If you’re going to dedicate yourself to Japanese Studies and are hoping to pursue a career in a related field, my first piece of advice would be prepared to work hard! Unlike decades ago when any affiliation whatsoever with Japan made you as rare as hen’s teeth, and therefore incredible valuable, today, there are so many bi-lingual Japanese/English speakers competing for the same positions, that it isn’t easy. While being bi-lingual is certainly a desired and helpful skill set, depending upon the job, it’s not typically the deciding factor.

The ability to demonstrate to a potential employer your achieved proficiency in a foreign language and knowledge and acceptance of a culture different from your own is just as important. So take advantage of every resource, movie screening, tea time, and karaoke night that your college or university offers and immerse yourself as much as possible into the language and culture of Japan.

Some particularly helpful Japanese language resources that I recommend based solely on personal experience include the following:

Middlebury College Summer School offers a number of immersion language programs over the summer, including a 9-week Japanese program. The “No English Spoken Here” language pact that all students are required to sign forces everyone to struggle through awkward communication with peers and teachers during the entire summer, but you come out on the other end all the better. Ideal for intermediate levels, very advanced speakers should probably just find a way to go to Japan.

There are tons of junior year study abroad programs in Japan these days with half and full year options. I opted for Doshisha University’s Associated Kyoto Program (AKP), a 9-month long program which requires all attendees to live with a family (good for me not for everyone). It’s my understanding that most of these junior year programs aren’t about the academics, but rather the exposure to a new culture and the life changing experiences that you will have while living abroad. For anyone seriously considering work in a field related to Japan, I highly recommend actually living in the country for some period of time.

Then there’s Stanford University’s Inter-University Center (IUC), the crème de la crème of Japanese language training programs. If you really want to improve your Japanese and can swing living in Japan on your own for 10 months (they have a summer program too, but I recommend the 10-month program), this is not an opportunity to pass up. Plus, you’re bound to make some good academic and professional connections through their vast alumni network. It’s mainly for graduate students, but there were some high-achieving undergraduates there when I attended.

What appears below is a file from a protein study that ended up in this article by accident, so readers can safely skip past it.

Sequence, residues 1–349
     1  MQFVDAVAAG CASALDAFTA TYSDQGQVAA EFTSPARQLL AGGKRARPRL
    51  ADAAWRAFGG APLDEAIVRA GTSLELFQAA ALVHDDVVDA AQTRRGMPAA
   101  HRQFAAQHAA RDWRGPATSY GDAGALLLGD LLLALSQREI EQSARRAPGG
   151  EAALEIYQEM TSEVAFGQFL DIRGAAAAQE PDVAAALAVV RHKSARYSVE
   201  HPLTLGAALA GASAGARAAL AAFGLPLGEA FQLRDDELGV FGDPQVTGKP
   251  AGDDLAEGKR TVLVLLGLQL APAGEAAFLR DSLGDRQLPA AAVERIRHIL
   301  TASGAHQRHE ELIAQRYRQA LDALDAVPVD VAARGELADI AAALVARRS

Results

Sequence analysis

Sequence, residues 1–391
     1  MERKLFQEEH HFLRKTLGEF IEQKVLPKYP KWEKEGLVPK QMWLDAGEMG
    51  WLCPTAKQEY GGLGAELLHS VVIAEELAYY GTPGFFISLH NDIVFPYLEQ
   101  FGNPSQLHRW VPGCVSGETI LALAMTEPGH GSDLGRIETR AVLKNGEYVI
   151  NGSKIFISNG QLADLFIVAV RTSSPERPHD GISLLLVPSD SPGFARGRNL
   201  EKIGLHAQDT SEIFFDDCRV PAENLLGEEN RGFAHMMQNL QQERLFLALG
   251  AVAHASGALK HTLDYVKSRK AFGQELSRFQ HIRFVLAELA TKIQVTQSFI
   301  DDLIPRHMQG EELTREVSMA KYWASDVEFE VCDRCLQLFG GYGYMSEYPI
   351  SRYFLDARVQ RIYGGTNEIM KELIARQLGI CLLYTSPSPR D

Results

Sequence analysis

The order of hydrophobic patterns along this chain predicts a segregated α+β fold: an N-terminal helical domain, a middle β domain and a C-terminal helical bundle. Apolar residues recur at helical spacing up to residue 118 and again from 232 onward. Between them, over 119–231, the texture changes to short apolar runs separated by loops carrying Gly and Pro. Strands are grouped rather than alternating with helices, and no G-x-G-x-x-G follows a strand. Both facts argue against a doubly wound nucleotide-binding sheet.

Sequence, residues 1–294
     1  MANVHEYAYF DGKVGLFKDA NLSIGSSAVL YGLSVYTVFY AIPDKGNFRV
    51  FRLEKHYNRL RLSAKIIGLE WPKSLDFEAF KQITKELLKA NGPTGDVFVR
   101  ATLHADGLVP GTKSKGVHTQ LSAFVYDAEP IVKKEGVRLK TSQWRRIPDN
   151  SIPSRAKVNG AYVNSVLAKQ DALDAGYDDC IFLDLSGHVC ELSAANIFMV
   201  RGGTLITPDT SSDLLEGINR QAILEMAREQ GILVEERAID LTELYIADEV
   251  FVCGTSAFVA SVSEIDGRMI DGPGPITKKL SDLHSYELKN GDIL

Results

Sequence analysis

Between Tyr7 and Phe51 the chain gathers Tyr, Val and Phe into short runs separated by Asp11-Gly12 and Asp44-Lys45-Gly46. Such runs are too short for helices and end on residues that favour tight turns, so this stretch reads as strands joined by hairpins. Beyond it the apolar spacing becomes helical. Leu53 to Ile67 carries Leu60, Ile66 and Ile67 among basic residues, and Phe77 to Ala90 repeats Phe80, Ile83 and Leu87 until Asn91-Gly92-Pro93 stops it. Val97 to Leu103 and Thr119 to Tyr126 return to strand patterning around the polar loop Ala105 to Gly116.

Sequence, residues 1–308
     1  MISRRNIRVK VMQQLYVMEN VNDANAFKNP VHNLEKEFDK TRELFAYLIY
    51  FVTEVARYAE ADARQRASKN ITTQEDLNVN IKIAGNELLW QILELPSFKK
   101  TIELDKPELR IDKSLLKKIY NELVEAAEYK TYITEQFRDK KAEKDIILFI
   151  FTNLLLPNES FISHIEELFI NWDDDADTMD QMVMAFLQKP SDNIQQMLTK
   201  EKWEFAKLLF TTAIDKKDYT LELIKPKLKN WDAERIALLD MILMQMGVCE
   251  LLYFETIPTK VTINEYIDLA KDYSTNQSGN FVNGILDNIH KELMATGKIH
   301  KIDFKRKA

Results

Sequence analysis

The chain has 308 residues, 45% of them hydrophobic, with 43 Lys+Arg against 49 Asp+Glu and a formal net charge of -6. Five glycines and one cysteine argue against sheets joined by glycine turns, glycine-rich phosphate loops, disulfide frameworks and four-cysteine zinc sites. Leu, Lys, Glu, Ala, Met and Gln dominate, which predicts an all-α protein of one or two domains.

Japan Society Toyota Language Center – sorry, had to make the pitch! New York’s Japan Society offers Japanese language (and shodo) classes of varying levels. Since most of the classes meet only once or twice a week during designated term periods, the program isn’t nearly as rigorous as the others mentioned above, but the classes are a relatively inexpensive and a fun way for busy people to maintain proficiency and to meet people of all ages and walks of life interested in Japan.

Secondly, while it’s important to memorize the stroke order of kanji, that’s not going to land you your dream job. In addition to the pursuit of your Japanese BA, it is crucial to develop another set of skills that will make you stand out and be the ideal candidate. I interview a lot of Japanese Studies B.A. and M.A. students for the Society’s internship program and the applicants that stick out and ultimately get hired are those with that extra something interesting or additional experience or expertise that makes them unique.

One obvious way to acquire this is through academic pursuits, by studying another field that you are interested in, whether it be economics, politics, business, arts, literature, IT, marketing, media, or whatever. Upon graduating from Middlebury and IUC, I waivered over whether I should pursue an M.A. in East Asian Studies or another field. I knew from pretty early on that I didn’t want to be in academia, so I ultimately decided to go for an M.A. in Arts Administration at American University, something totally different from my B.A. in East Asian Studies, but a field which I was also really interested in. Plus at the time I knew no one with a BA in Japanese/East Asian Studies and an M.A. in Arts Management. Now I work in the Performing Arts Department of Japan Society, a perfect match!

Another great way to achieve this is through interning, particularly at organizations or types of organizations that you think you might be interested in working at one day, and making sure you are assigned tasks that you think will help bolster your resume for your ultimate first real job. From the time that I graduated from Middlebury, through my masters, and until I started working at Japan Society, I volunteered, interned and worked at a whole range of organizations that both directly related to Japan (for example an internship with the Japan Society Performing Arts Department!) and had nothing to do with Japan but were along the lines of what I thought I wanted to do in the future (including work at a small chamber music festival in Vermont). I also participated in The John F. Kennedy Center for the Performing Arts internship program at the time of their JAPAN! Culture + Hyperculture Festival of Japanese artists. Each experience developed my skill sets, bolstered my resume, gave me an idea of what I was interested in and what I wasn’t, showed my future employer what I was capable of, and offered great networking opportunities.